Better Prostate Cancer Diagnosis With Targeted and Systematic Biopsies

Combined use of systematic and targeted magnetic resonance-ultrasound–guided fusion biopsy was effective in diagnosing clinically significant prostate cancer.

The combined use of systematic and targeted magnetic resonance (MR)-ultrasound–guided fusion biopsy was effective in diagnosing clinically significant prostate cancer, according to results of a new study published in Cancer.

“Targeted biopsy using multiparametric magnetic resonance imaging (mpMRI) to guide tissue sampling can improve the detection of prostate cancer,” wrote study authors led by Leonard S. Marks, MD, of the David Geffen School of Medicine at the University of California, Los Angeles. Studies on this have been small, however, and questions remain regarding predictive value of the technique. “The key questions are whether a ‘normal’ mpMRI should preclude immediate biopsy and, if guided biopsy is performed, whether targeting alone can suffice.”

This prospective trial involved 1,042 men with a clinical suspicion of prostate cancer who underwent mpMRI before biopsy. All of the participants underwent systematic biopsy, and a subset then underwent targeted biopsy of “regions of interest.”

A total of 825 men had at least one suspicious region of interest; of those, 289 (35%) were found to have clinically significant prostate cancer (Gleason score ≥ 7). Combining targeted (specific cores from regions of interest) and systematic biopsy (12 cores in all men) yielded the 289 clinically significant cases, while targeted biopsy alone found only 229 cases and systematic biopsy alone found only 199 cases (P < .001).

Further, the combined biopsy approach found more high-risk prostate cancer cases, defined as those with a Gleason score of at least 8; it found 89 such cases, compared with 74 with targeted (P < .001) and 51 with systematic biopsy (P < .001).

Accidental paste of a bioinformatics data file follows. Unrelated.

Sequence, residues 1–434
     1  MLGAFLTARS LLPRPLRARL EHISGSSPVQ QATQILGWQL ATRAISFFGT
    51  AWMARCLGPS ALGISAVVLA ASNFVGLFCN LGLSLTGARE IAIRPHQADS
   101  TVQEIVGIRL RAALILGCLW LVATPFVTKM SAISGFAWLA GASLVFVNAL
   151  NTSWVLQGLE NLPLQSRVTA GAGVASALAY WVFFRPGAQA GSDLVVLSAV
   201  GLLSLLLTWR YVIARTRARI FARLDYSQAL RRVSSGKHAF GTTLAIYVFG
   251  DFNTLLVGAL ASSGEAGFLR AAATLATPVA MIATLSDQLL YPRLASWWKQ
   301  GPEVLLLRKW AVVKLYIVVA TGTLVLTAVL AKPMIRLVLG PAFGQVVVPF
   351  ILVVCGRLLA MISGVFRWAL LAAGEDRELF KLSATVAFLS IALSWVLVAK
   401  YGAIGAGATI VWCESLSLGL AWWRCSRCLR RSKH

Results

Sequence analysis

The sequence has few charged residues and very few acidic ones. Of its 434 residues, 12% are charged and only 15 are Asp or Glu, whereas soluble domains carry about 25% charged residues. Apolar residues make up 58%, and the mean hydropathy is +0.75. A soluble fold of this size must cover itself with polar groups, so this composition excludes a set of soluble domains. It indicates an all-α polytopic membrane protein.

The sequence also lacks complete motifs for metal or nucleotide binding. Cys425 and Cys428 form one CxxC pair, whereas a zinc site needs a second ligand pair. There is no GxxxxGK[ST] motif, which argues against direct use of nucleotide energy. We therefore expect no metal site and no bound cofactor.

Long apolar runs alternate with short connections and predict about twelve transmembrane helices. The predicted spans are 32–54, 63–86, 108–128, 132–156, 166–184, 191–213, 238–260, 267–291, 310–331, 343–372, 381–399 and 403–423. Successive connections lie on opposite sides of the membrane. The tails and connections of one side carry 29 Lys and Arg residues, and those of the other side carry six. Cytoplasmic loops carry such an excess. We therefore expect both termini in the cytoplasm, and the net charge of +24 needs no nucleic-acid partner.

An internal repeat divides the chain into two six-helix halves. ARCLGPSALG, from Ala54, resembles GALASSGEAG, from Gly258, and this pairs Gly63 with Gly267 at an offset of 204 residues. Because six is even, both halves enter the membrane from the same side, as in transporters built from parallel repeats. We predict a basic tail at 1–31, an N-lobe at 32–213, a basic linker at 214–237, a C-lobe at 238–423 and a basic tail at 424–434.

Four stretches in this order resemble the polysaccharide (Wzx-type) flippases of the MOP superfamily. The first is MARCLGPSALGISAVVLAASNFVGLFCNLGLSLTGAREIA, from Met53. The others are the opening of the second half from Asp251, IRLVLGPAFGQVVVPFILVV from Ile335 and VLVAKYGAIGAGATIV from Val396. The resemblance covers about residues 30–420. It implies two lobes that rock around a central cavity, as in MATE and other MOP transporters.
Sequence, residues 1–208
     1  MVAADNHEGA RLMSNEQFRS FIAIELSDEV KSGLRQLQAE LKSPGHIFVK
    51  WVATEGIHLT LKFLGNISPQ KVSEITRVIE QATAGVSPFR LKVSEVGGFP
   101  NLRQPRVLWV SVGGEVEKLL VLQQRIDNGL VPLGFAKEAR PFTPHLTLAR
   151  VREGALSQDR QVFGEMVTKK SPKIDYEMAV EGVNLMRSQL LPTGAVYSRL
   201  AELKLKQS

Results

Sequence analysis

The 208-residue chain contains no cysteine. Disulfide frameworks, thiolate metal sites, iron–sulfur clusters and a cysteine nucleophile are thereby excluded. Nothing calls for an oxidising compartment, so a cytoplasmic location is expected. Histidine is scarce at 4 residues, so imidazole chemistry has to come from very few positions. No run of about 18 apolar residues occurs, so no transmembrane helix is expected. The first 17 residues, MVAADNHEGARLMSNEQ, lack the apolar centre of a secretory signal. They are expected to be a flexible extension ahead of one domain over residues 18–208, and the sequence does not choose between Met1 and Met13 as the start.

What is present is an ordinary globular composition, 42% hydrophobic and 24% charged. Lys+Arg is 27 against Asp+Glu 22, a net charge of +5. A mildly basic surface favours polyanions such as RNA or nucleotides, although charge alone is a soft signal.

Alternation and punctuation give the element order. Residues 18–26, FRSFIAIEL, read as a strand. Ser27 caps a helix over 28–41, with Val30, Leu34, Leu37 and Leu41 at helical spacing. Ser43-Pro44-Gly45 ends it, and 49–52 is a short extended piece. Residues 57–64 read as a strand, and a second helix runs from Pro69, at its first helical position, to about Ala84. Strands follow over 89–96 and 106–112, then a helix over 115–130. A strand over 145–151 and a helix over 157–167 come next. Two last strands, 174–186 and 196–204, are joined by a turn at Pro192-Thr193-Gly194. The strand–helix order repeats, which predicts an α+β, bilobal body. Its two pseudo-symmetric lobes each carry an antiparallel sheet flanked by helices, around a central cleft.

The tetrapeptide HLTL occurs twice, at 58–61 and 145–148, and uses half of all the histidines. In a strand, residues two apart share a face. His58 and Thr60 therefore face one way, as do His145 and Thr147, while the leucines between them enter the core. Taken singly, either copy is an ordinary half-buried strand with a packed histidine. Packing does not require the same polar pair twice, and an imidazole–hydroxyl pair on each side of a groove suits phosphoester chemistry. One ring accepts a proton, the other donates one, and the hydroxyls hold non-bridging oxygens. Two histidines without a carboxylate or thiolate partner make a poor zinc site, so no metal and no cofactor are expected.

In total, adding systematic biopsy to targeted biopsy resulted in 60 additional diagnoses of clinically significant prostate cancer, or 7% of the cohort with at least one region of interest. These cases would have been undiagnosed if only the regions of interest were targeted.

The grade of the regions of interest was directly correlated to the presence of clinically significant disease. About 80% of participants with a grade 5 region of interest were found to have prostate cancer with a Gleason score of 7 or above, compared with only 24% of those with a grade 3 region of interest. Prostate-specific antigen density was also significantly correlated with clinically significant prostate cancer.

The authors noted that about one in eight men with negative mpMRI findings were still found to harbor clinically significant disease. “The concept of using mpMRI to obviate prostate biopsy, if the imaging reveals no targets, should be regarded with caution,” they wrote. “MR-ultrasound fusion biopsy appears to be most accurate when the targeting of specific lesions is combined with systematic biopsy guided by software in the fusion device.”